Are Browse-Wrap Agreements All They Are Wrapped Up to Be?


Electronic agreements continue to fortify their presence in the digital commercial marketplace. Whether used to sell goods or services, or simply to define relationships, standardized electronic agreements have appeared in abundance in business-to-business or business-to-consumer transactions. Standardized electronic agreements, like their physical counterparts, offer the ability to address multiple concerns in a simple, efficient fashion. Although electronic contracts and electronic signatures have been accepted and promoted by federal and state governments, many fundamental aspects of contract law have been left for the courts to wrestle with when disputes arise.

Today, there are essentially two types of standardized electronic agreements—the click-through agreement and the browse-wrap agreement. A click-through agreement is an agreement that requires an offeree to click on an acceptance icon, which evidences a manifestation of assent to be bound to the terms of a contract. On the other hand, a browse-wrap agreement is one that is typically presented at the bottom of the website and where acceptance is based on “use” of the site. Litigation surrounding click-through agreements surfaced first, but browse-wrap litigation soon followed. Although neither agreement is particularly new (each has appeared well in advance of the ensuing litigation), few state and federal courts have addressed the enforceability of browse-wrap agreements and the terms therein. The dearth of settled law surrounding browse-wrap agreements creates uncertainty. This article discusses the development of browse-wrap contract law as it relates to formation, enforcement of specific terms and areas that are still to be addressed.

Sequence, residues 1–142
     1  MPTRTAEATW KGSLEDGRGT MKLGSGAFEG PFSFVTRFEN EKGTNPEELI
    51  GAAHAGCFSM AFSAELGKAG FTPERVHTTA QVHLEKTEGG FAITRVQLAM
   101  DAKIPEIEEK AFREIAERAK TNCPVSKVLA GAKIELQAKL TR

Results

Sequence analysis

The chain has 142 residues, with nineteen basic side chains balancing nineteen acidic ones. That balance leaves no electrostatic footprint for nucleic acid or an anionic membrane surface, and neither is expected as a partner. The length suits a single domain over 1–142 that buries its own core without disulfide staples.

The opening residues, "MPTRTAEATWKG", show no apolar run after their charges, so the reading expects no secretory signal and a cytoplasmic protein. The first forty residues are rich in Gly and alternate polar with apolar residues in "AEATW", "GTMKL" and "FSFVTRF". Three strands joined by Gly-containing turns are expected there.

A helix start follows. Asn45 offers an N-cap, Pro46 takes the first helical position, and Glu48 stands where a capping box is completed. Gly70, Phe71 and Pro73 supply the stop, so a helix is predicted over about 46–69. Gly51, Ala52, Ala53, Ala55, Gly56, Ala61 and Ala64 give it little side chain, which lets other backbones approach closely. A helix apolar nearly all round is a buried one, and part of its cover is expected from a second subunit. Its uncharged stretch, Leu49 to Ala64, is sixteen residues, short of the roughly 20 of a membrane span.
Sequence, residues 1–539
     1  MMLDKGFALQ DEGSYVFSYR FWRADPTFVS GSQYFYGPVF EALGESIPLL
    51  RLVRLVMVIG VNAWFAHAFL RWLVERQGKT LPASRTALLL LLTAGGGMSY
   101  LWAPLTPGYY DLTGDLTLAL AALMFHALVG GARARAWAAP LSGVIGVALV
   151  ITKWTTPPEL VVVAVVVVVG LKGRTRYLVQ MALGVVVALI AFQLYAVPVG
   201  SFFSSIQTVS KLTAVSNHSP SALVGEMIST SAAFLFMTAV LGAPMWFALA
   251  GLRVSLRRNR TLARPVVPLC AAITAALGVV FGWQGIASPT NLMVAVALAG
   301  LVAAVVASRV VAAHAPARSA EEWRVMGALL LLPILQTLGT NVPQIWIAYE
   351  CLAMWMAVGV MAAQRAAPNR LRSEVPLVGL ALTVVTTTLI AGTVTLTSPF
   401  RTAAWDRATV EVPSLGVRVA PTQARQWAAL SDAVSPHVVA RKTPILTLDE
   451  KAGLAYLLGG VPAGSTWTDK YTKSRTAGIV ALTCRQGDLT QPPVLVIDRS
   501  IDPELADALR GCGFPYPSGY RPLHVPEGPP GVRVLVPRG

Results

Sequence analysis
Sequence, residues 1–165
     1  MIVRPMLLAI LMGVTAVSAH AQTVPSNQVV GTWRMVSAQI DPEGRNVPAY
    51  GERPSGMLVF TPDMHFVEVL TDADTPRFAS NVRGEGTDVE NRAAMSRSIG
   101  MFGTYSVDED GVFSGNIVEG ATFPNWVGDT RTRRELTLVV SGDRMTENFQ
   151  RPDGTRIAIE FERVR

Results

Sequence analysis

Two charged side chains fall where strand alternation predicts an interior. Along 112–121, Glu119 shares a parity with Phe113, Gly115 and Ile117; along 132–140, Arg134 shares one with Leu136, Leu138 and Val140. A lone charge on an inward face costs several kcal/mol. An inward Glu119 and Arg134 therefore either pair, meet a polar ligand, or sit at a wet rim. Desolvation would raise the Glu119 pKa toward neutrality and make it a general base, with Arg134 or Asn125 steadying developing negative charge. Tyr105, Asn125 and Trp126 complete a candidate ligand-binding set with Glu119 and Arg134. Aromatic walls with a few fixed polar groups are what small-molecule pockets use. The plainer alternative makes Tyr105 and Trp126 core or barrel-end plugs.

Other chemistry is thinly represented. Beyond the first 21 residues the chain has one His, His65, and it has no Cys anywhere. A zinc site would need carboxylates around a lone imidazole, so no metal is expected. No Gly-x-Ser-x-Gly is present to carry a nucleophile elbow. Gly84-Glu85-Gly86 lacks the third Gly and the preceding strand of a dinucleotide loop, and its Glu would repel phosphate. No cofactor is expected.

Computer Law | Intellectual Property Law | Internet Law

Date of this Version

November 2006